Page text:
Technology 2 min read

IBM Wants Face Recognition Technology Regulated

IBM released a white paper detailing how policy makers could regulate face recognition technology using the company's precision regulation principle.

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In a recent white paper, IBM called for a “precise regulation” of face recognition technology. Instead of banning the technology outright, the tech giant advocates limiting its potentially harmful use.

Recently, facial recognition technology has become a topic for hot debate.

The Chinese government has been using the technology to profile protestors at the civil uprising in Hong Kong. Also, a recent security flaw in a facial recognition company, SenseNets, reportedly exposed the data of millions of people.

Earlier in the year, news of law enforcement agencies misusing Amazon’s Rekognition also made the news.

For these reasons and more, Face recognition technology has led to uneasy feelings among potential users. Legislators in San Francisco already voted to ban the technology altogether.

Now the big tech companies – Microsoft, Amazon, IBM – are working to allay these fears. Introducing a federal facial recognition law could do just that.

How the Face Recognition Technology Should Be Regulated

According to IBM, specific applications of the technology, such as racial profiling and mass surveillance, should remain off-limit. Instead, we could focus on facial recognition technology’s potential for good.

For example, the whitepaper points out that the tech could be instrumental in identifying natural disaster victims.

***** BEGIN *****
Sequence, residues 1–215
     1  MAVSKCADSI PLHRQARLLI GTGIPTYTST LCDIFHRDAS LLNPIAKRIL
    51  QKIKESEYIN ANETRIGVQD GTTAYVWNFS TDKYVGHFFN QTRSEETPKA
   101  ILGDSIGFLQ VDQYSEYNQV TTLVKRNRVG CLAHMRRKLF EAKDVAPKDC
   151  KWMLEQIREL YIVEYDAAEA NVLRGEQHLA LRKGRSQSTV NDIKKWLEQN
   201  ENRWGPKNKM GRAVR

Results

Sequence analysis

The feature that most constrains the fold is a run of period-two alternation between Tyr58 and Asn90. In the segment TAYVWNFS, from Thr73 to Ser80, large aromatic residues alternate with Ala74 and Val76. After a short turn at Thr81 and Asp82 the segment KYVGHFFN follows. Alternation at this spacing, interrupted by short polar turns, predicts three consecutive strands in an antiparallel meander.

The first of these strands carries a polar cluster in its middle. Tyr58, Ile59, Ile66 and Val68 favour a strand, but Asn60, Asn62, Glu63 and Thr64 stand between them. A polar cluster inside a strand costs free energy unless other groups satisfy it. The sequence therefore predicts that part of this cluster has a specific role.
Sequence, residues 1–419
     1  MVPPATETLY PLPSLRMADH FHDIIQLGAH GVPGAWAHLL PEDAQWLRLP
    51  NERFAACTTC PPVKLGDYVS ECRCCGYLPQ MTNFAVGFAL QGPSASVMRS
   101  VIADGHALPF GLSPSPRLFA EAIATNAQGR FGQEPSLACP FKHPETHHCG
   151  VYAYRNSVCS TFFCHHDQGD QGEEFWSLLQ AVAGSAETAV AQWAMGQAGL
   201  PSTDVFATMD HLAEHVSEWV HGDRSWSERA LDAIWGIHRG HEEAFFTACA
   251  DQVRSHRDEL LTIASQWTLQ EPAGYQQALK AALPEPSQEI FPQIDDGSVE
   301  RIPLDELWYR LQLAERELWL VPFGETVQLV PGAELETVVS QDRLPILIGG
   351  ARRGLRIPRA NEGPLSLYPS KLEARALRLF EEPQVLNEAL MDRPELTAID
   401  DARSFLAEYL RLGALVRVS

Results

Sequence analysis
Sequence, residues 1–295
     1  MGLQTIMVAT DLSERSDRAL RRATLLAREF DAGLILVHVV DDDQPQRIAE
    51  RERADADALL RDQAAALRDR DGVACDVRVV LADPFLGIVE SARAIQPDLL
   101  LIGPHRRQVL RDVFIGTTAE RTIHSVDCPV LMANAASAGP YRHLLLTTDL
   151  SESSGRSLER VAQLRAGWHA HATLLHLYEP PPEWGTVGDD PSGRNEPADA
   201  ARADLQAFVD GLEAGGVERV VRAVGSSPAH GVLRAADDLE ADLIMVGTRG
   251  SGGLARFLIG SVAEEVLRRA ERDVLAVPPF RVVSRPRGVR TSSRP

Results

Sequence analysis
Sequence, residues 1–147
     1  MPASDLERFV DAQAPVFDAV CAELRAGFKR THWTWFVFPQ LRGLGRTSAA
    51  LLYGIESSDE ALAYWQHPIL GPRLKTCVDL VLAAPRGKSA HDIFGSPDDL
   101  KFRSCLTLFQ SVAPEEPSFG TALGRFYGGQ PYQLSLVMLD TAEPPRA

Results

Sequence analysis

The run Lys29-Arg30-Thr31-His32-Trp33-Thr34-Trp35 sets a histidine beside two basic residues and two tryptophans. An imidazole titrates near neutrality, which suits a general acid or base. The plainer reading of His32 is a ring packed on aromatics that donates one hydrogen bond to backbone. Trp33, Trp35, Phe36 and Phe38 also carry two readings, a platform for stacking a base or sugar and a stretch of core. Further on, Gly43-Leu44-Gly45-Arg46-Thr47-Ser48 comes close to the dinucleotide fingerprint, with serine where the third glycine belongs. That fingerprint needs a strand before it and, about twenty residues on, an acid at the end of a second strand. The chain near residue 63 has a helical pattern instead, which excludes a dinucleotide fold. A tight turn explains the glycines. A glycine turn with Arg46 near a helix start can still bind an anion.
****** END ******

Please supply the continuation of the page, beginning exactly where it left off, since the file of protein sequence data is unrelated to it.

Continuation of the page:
IBM also suggests that tech companies have a crucial responsibility too. It says, companies “must be accountable for ensuring they don’t facilitate human rights abuses by deploying technologies such as facial matching in regimes known for human rights violations.”

Finally, the tech giant called for three policies that are ready to be implemented

IBM’s Proposed Face Recognition Technology Policies

1. Notice and Consent

The tech giant recommends a regulation that requires notice and consent before subjecting people to facial recognition authentication.

2. Implementing Export Control

This policy is supposed to restrict the sales of facial matching technology. In this case, it includes the kind of facial matching that law enforcement agencies can use to pick up criminals out of a crowd.

3. Regular Transparency

Finally, IBM suggests that the policies should mandate law enforcement agencies to disclose the use of facial recognition technology. Also, they had to publish a regular transparency report too.

The term “facial recognition” includes various types of technologies serving different purposes. Banning all technologies under this term would keep the U.S. behind the rest of the world, the tech giant argues.

Read More: France to Implement a Nationwide Facial Recognition ID System

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Sumbo Bello

Sumbo Bello is a creative writer who enjoys creating data-driven content for news sites. In his spare time, he plays basketball and listens to Coldplay.

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